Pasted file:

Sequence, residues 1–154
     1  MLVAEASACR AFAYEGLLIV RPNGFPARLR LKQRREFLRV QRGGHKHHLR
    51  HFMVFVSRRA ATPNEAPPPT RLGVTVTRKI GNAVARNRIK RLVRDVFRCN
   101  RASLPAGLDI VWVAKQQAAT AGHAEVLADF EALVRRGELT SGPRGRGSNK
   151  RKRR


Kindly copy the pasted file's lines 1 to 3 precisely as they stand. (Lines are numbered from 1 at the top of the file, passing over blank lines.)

Sequence, residues 1–154
     1  MLVAEASACR AFAYEGLLIV RPNGFPARLR LKQRREFLRV QRGGHKHHLR
    51  HFMVFVSRRA ATPNEAPPPT RLGVTVTRKI GNAVARNRIK RLVRDVFRCN